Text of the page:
Just like hill work, interval training, and foam rolling, core strengthening is an integral part of any comprehensive running program.
“The core is one of the most paramount areas of interest for runners looking to improve their performance and decrease injury,” Dane Miklaus, C.S.C.S., founder of WORK Training Studio in Irvine, California, tells Runner’s World. “As the name implies, your core is the foundational piece from which all upper and lower extremity movement is possible. Without a solid core, your running gait is inefficient, you end up doing more work, and you not only waste energy but increase your risk of injury,” he says.
Most runners know this and have a go-to circuit for prerun warmups and active recovery days. But if planks and crunches are getting stale, or you’re looking to challenge yourself further, try upping your core game with a suspension trainer, like a TRX.
Most of the TRX abs moves in the circuit below can be performed using a variety of equipment (or with none at all), but incorporating a suspension trainer takes them to the next level, explains Miklaus.
“The combination of constant instability along with free movement in space helps increase global proprioception [awareness of your body position],” he says. “Any runner looking to improve their craft and just become stronger and healthier in general would do well to incorporate a TRX core routine.”
How to do it: Perform each exercise below for the number of reps listed, resting for 30 seconds between exercises. Repeat the full circuit a total of 3 times.
Each move is demonstrated by Miklaus in the video above so you can master the proper form. You will need a suspension trainer. An exercise mat is recommended.
Around the World
Start facing away from the anchor point and grab both handles with an overhand grip. Extend arms directly in front of chest, palms facing in, and step toes back so that your body is at a forward angle. Keeping elbows straight, open arms to the sides, bringing chest forward. Avoid overarching the lower back; don’t allow the pelvis or stomach to drop forward. This is the starting position. Using a circular motion, simultaneously raise both handles overhead, then return to the starting position. Perform 12 reps.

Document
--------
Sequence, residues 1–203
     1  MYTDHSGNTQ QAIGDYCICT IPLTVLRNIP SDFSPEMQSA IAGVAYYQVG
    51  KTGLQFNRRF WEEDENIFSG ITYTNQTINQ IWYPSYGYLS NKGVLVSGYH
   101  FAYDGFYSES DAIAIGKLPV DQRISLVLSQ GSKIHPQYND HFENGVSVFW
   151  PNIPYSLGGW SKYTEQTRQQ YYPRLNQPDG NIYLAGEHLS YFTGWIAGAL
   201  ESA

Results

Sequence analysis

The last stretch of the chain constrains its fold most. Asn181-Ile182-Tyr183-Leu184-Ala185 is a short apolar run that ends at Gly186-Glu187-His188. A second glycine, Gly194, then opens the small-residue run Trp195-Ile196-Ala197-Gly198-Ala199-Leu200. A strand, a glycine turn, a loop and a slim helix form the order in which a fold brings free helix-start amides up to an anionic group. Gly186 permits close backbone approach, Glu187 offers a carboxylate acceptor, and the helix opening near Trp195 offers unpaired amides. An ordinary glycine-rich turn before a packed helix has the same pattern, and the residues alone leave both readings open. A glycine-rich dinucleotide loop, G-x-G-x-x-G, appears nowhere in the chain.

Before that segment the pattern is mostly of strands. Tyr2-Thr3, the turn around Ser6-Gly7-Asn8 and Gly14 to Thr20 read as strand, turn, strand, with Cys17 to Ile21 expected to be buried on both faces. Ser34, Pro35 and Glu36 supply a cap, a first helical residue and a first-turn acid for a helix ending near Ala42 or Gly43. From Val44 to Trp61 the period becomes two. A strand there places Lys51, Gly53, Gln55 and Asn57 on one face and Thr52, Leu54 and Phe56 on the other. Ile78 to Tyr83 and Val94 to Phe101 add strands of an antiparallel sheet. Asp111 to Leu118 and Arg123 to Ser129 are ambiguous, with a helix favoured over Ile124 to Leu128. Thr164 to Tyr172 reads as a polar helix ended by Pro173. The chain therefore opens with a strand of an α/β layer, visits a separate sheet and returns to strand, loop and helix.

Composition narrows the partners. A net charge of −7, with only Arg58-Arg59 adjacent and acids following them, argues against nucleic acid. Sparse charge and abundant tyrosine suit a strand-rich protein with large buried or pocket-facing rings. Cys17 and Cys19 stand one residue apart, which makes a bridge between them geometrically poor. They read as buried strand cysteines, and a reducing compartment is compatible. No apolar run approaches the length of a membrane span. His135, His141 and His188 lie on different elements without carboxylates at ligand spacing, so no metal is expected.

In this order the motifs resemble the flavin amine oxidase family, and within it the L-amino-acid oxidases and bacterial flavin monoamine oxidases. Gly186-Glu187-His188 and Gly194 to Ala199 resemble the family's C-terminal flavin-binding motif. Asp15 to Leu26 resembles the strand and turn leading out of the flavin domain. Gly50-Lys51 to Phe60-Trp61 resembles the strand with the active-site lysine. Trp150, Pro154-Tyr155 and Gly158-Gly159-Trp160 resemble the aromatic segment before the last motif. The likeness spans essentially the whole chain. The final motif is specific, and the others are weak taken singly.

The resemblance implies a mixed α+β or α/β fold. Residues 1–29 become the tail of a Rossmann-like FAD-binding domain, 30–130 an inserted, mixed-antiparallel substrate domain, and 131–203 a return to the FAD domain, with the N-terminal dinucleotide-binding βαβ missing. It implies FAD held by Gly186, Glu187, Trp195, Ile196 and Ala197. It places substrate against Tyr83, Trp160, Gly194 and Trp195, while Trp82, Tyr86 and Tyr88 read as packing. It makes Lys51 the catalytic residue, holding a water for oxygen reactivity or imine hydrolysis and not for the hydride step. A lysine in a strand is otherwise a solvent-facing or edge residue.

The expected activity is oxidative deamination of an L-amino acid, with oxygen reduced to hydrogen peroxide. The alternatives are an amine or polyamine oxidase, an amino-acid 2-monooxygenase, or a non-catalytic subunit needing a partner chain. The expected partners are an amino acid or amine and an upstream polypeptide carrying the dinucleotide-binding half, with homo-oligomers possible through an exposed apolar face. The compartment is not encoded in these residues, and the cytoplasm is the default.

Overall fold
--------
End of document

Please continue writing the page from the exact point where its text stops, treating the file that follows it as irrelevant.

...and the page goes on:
Start face down with feet in the straps and hands planted firmly on the floor, like you’re in a high plank position. Drive your right knee toward your chest, then quickly extend your right leg. Immediately drive the left knee toward your chest, then quickly extend your left leg. Continue to alternate legs, performing 80 reps.
Start face down with feet in the straps and forearms on the floor, elbows under shoulders, like you’re in a forearm plank. Keeping your back and legs straight, shift your body back a few inches, then forward to the starting position. Perform 10 reps.
Start facing the anchor point and grab both handles, palms facing down. Extend arms directly in front of chest and walk feet forward so your body is at a backward angle and you’re balancing on your heels. This is the starting position. With straight arms, raise your hands directly overhead to bring your whole body forward. Return to the starting position. Perform 12 reps.
Start face down with arms straight, hands gripping the handles, and toes planted on the floor, like you’re in an elevated plank. Move your left arm forward and your right arm backward. Then move your left arm backward and your right arm forward. Continue to alternate arms, performing 50 reps.
This content is created and maintained by a third party, and imported onto this page to help users provide their email addresses. You may be able to find more information about this and similar content at piano.io